A GOP Congressman Wants to 'Ensure Lives Are Protected'--By Expanding the Death Penalty for Drugs.

Rep. Tom Reed (R-NY) has introduced the Help Ensure Lives Are Protected Act of 2016, which would subject drug dealers who sell heroin laced with fentanyl to death or life imprisonment if “death or serious bodily injury results from the use of such substance.”


In a way, Reed’s move represents the natural progression of the widespread idea that heroin dealers should be primarily scapegoated for heroin-related deaths—as The Influence has covered. But here are some of the reasons it’s not a great idea:

1. Although the death penalty has never been proven to act as a deterrent to committing crimes, what enhanced penalties would likely do is deter people from calling for help if someone is overdosing. As the Huffington Post points out, that’s in stark opposition to Good Samaritan laws, which remove criminal penalties if someone reports an overdose.

2. Most drug “dealers” are not El Chapo. Many people who sell drugs are from poor communities, and do it just to try to make ends meet or to feed their own habits.

Reed has said that the bill would target, ” … the worst of the worst… these are not the users.” To be fair, the bill doess tate that the law would apply in cases where 100 grams or more of heroin has been mixed with fentanyl—that’s a significant amount of heroin, and way more than the average person who uses the drug is likely to have. But users often combine resources to buy drugs in bulk. Sorting out who’s a “big-time dealer” versus somebody just cooperating with their heroin-using family or friends would be pretty complicated—and in the course of the War on Drugs, prosecutors have not had a great record of self-restraint.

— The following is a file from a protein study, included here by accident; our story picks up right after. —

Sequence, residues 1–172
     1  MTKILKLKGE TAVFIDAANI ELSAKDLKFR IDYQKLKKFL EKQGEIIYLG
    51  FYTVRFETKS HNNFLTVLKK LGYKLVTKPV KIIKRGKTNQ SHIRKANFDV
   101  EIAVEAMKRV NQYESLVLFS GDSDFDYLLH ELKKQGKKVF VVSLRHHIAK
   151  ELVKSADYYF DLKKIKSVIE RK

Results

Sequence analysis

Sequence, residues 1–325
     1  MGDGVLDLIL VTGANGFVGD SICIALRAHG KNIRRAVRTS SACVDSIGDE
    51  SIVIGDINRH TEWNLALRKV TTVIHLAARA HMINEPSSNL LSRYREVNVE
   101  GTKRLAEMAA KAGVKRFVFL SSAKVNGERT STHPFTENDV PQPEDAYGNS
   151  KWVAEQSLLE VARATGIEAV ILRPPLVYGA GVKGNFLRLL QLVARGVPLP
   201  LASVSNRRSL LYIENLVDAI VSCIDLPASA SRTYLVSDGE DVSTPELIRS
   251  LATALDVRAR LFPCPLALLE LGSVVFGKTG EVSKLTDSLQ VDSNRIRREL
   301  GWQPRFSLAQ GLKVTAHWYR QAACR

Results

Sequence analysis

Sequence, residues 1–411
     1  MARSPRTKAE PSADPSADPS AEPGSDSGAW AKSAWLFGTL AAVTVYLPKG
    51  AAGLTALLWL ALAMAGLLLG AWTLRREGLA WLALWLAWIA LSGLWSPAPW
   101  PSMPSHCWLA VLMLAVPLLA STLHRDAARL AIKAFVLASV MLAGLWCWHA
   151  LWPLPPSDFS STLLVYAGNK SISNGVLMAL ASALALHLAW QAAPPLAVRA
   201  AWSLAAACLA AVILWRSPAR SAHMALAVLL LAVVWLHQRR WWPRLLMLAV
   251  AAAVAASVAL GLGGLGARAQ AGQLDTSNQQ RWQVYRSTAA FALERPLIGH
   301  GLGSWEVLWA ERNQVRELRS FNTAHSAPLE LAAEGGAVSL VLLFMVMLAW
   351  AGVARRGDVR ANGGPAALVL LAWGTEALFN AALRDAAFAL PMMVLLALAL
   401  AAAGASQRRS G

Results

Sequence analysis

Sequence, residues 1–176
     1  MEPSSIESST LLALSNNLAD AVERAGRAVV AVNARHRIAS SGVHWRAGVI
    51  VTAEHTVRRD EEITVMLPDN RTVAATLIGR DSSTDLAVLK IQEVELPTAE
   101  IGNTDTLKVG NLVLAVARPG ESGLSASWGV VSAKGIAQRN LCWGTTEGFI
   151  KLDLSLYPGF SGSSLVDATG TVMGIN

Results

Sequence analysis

Keep in mind that over 97 percent of cases don’t go to trial because they’re pled out. The likely result of enhanced sentencing would be to add another weapon in a prosecutors’ kit for pressuring people into accepting harsh plea bargains: 30 years verses the death penalty is a pretty persuasive argument.

3. The whole reason we have failed to incarcerate our way out of illegal drug use is that illicit markets exist for a reason and are incredibly resilient. Locking up one guy for life (or killing him twenty years from now) would just open up the market for someone else.

4. The bill explicitly names fentanyl. So what happens if a new, deadlier substance enters the black market? Do we rush to expand the death penalty again? Fentanyl is very often mixed into street heroin—one recent small-scale study found 90 percent of samples contained it—but accurately determining at which point in the supply chain it was mixed in could also be difficult.

Perhaps Reed is really trying to help. But there are better ways to prevent overdose deaths than enhanced penalties—and the death penalty is inhumane in any circumstance. Instead, how about pushing for supervised injection facilities, or for increased training and supply of naloxone?

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